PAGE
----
mothers of the same Ohnrr.h whlh toav.u
i . u .u u IVW.UV.O
then to have Christian charity for one an-
uiuer, ana inai.we are citizens oi this grand
republic, the onlv nation nn earth thfr
- - a va vH 1IUB
guarantees civil and religious liberty, and
iu mis sense an are truly Americana,
THE COTTON CROP.
Repert from tbe IQTempb.U District
Tike ridden! Snort 415,000 Bales
by Droacbt, But ani Woimi.
j By Telegraph to the Morning Star.
Memphis. Tkww.. Rent. A Thn
monthly cotton crop report for the Mem
phis district, which embraces West Tennes
see, North Mississippi, North Arkansas and
Alabama, to be published to-morrow by
Hill, Fontaine & Co., will say: :
The flettering prospects whlcn were
shown in our July report have been dis-
nelled. A drought hna rvrevnilul in all fn.
of the States extending from the middle of
u uij up iu mo present, ana tne.resuit lias
been most disastrous to tbe cotton crop.
What promised six weeks ago to be tbe
largest yield ever known within the district
inM .ueeu cui snort oj arougni, rust and
worms to below the averacm nrnn aiui In
many sections the yield will fall far Bhort
of last year. This is particularly true of
Tennessee and portions of ArkansasMis
sissippi and Alabama. It is only 25 per
cent., making an average for the district of
SOf per cent. The great damage that has
been anatainerl ia ruar. shnwn mhan if (
stated that there is raised annually within
tueijuempnu aistnct i.sou.uuu Dales of cot
ton and the promised yield is cut short
AtKnnn v-i i ... i ... .....
muivw uttico biuub wiioin mis aistnct.
Picking has commenced in everv section-
and will be general throughout the district
aU.o oUm 1 2 -aY a. rYll . m m.
iwium luouiua. 1110 season is imiy
two weeks early, which, totretherlwith the
ujr iuo luiu iubm&uv. iue Beason is iaiiv
- -J J aaavaa VWW WUW W A MaV U
Premature ODeninir of bolls, nansed hv the
premature onenine of bolls, caused bv the
drought, makes the receipts up to date
largely in excess of any previous year.
Corn has suffered, but not to the extent
of cotton. Good crops are reported from
Mississippi aud Alabama, while the yield
au oiaauioo aim xcdqcosco is omy an aver
Sbe Decllnee to Partlelnatai Prnml.
nentlr In a Pnblle Ceremony In
TVbleb tbe President Takes no Part.
. i By Telegraph to the Mornlnsr 8tarl
IjfBw York. Sept. 6. Mrs. Cleveland
has declined the invitation to present the
flags to the New York Fire Department in
the following letter: ;
! TC-v-iir.TTTT'irii Mmornut i
1 . . u ....... u&v.i , .
I Washington, September 5, 1887. J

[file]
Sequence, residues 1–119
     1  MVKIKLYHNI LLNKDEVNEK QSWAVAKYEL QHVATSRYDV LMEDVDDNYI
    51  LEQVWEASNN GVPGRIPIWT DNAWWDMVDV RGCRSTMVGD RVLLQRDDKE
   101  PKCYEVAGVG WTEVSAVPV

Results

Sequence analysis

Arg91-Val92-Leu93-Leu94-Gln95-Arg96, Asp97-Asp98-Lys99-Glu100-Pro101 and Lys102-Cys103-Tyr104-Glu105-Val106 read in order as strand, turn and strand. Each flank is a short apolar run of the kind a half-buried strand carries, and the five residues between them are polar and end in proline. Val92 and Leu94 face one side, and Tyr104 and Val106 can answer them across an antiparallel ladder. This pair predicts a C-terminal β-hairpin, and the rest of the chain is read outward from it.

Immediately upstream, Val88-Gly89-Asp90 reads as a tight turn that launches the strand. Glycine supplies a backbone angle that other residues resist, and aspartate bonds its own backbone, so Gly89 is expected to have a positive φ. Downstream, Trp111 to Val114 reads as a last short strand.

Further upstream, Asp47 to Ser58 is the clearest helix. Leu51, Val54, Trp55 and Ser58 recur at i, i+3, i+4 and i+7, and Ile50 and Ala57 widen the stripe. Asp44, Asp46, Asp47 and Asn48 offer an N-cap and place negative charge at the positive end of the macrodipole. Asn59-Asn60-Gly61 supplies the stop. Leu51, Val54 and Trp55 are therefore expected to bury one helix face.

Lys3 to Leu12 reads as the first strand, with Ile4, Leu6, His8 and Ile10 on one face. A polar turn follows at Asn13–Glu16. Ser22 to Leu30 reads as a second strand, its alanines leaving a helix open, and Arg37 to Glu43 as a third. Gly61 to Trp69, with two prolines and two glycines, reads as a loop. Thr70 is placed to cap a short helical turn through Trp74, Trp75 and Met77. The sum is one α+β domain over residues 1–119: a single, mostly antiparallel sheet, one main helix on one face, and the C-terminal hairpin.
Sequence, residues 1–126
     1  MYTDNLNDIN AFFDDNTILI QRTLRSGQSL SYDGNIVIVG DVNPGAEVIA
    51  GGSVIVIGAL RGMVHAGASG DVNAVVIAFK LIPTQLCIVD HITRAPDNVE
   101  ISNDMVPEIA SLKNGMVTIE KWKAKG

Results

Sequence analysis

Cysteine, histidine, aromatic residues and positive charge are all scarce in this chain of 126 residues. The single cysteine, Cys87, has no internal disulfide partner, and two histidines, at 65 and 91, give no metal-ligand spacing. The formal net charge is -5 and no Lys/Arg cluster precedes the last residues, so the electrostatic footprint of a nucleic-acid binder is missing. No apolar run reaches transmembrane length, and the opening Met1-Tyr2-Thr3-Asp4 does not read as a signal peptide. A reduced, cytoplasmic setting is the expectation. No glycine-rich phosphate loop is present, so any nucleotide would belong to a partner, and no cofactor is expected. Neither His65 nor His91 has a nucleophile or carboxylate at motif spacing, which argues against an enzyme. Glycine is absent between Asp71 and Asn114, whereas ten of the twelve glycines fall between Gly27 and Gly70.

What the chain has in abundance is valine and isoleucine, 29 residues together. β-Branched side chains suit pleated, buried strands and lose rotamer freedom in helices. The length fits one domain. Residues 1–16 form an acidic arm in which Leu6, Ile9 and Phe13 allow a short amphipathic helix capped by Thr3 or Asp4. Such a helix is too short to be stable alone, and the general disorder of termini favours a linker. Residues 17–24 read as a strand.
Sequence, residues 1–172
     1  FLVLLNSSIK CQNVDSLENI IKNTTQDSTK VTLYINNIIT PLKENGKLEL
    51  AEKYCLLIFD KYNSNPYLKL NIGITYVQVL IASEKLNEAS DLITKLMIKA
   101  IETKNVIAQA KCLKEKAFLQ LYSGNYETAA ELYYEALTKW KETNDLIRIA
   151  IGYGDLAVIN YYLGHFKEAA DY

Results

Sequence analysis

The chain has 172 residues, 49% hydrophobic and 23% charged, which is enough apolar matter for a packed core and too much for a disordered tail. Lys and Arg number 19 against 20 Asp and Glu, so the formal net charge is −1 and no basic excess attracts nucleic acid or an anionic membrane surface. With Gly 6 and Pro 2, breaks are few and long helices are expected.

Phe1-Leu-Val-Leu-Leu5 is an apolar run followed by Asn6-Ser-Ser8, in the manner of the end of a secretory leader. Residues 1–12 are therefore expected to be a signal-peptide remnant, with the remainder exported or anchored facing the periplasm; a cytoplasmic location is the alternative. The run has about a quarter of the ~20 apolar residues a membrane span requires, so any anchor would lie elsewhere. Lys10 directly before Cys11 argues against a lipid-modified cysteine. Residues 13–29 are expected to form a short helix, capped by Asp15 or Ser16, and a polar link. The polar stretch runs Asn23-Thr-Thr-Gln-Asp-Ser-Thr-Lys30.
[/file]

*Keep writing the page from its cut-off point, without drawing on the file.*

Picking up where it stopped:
Hon. Abram S. Hewitt. Mayor of New
York City. Hon. B. Beekman, President
Board of Aldermen, and Hon. James E.
Gentlemen: I have received your
pleasing note, requesting me on behalf of
the donors of certain flags to be presented
to the New York Fire Department," as well
as (n behalf of the citizens of New York
generally, and the executive and legislative
branches of city government, to deliver the
colors mentioned by the Fire Department
on puch day in September as shall suit my
convenience. It would certainly afford me
pleasure to contribute in any degree to the
significance of this occasion and to the satis
faction of the brave and gallant men whose
services are thus to be recognized. I hope,,
however, that I shall not be misunderstood
when I base my declination of your tind
invitation upon my unwillingness to assume
that) I. as wife of the President, ought to
participate eo prominently in a public cere
muny iu wnicu ne toon no part.
1 ours, very truly,
FllAliritT BVlT.aftur Oj.vtnrr. a m-
'he letter is Mrs. Cleveland's own hand
BALTIMORE AND OHIO.
Rumor Concerning tbe Presidency of
tbe Boad and Sale of tbe Teleerapb .
New York, September 6. There were
numberless rumors on Wall street to-day
in regard to the presidency of tbe B. & O.
Co:, jt being generally conceded that at the
next election, which takes place in Novem
ber. Robert Garrett will be succeeded by
v 11.-C-J. resiuent spencer or A. J . Cassalt.
John Newell, President of tbe Lake
Shore, was also mentioned as being a can
didate for tbe presidency, but this is de
nied by the Vanderbilt people. The point
upon which more interests attach, how
ever, is whether the deal will be followed
by a sale of the telegraph to the Western
Union. J. Pierrepont Morgan refused to
deny the rumors that statements in regard
to Another deal, probably including a set
tlement of the telegraph war, would be
made in a few days. He said, however,
that there were no new developments to re
Baltimore, September 6. At the Stock
Board to-day Baltimore and Ohio Railroad
shares sold at 146, but before the close 11
shares brought only 142J. Just before the
close twelve shares were offered, for which
no bid was made. Until affairs of the
railroad are settled, it is thought here the
decline will continue.
j OHIO. '
Liabilities and Assets or tbe Bankrupt
Firm of K. 'I,. Harper St Co. Failure
9 Paper manufacturers Bnlldlncrs
estrored by a Tornado.
By Telegraph to the Monihur Star.
tCINNATT. Rentemhe- ft Vmm tha
port of I. H. Stewart, trustee of E. L. Har-
per oi, wi., niea in tne Jfrooate Court, it
appears that tha firm held no real estate
and that the face value of assets, consist
PL?08' honAa notes cash, eta, was
$186,098, while the appraised value was